Despite risks from the new wave of infections, we saw further improvement in the labour market in the past month. Initial jobless claims declined for three consecutive weeks. The US markets have grown more comfortable that the Federal Reserve would not change accommodative monetary policy any time soon. With the markets increasingly confident that the QE program and bond buying taper may now not get underway until 2023, expectations for the reflation trade have lifted along with an improving outlook for a recovery in commodity prices.
All in all, the rising headwinds from the delta variant, resumed mask requirements and other potential restrictions, China closing one of its major ports, along with continued inventory shortages/supply chain disruptions, and rising commodity prices are threatening growth momentum around the world.
The euro zone economy lost some momentum in August but is still on track for solid growth in the third quarter of this year. The latest business activity data come as many consumers enjoy the lifting of Covid-related restrictions, which has boosted the economic recovery in the wake of the pandemic. Growth estimates last month showed that the euro area had bounced back from a technical recession. This data release is important as the European Central Bank is due to meet next month and some of its members are pushing for talks on reducing some of the ongoing stimulus.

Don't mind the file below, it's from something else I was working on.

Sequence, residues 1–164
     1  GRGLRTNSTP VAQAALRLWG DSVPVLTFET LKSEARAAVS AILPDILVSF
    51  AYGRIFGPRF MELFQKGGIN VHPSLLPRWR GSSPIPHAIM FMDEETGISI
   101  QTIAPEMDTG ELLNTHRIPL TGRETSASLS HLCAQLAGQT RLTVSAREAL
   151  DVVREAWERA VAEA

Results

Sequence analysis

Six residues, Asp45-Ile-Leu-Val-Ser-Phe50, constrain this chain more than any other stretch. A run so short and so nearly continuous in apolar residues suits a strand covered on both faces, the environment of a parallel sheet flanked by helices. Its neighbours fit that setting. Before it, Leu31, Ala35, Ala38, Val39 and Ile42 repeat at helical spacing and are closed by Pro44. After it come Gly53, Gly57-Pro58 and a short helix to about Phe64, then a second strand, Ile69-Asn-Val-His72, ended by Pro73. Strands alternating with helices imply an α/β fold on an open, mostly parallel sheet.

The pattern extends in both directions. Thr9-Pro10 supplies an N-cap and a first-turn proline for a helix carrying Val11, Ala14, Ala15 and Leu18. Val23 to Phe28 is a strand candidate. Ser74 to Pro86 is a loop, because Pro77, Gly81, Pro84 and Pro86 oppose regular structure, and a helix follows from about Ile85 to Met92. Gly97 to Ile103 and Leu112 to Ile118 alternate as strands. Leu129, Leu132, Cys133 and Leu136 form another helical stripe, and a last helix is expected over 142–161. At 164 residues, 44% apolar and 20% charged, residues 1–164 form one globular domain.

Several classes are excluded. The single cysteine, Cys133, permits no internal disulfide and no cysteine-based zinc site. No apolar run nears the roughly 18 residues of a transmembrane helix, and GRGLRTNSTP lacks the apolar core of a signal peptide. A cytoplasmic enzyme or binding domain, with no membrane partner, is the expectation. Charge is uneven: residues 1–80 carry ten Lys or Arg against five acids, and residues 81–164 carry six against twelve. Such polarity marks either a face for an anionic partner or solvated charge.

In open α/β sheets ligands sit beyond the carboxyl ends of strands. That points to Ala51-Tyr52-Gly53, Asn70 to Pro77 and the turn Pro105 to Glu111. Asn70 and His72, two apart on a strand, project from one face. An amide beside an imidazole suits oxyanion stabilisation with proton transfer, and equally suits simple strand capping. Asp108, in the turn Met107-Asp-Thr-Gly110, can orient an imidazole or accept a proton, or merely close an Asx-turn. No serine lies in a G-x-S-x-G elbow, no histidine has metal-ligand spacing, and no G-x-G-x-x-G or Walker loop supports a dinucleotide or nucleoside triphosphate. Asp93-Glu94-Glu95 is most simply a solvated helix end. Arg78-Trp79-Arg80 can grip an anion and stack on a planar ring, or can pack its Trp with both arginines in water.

There are, however, some concerns about supply chain issues and higher inflation. The concern is that the Europe area is seeing some upward movement on wage growth because of the job market gain, which could feed through to higher inflation, and supply delays from Asia in particular look likely to persist for some time to come. As a result, momentum slowed more in manufacturing than in services. The former hit a six-month low in August, whereas services fell to a two-month low.
Prospects for European stocks are improving as a smooth vaccine rollout allows governments to lift lockdown measures. European stocks should also benefit from what we expect will be an upward move in real bond yields.That’s because European equity indices contain a greater proportion of value stocks, such as financials, which tend to outperform when real rates rise.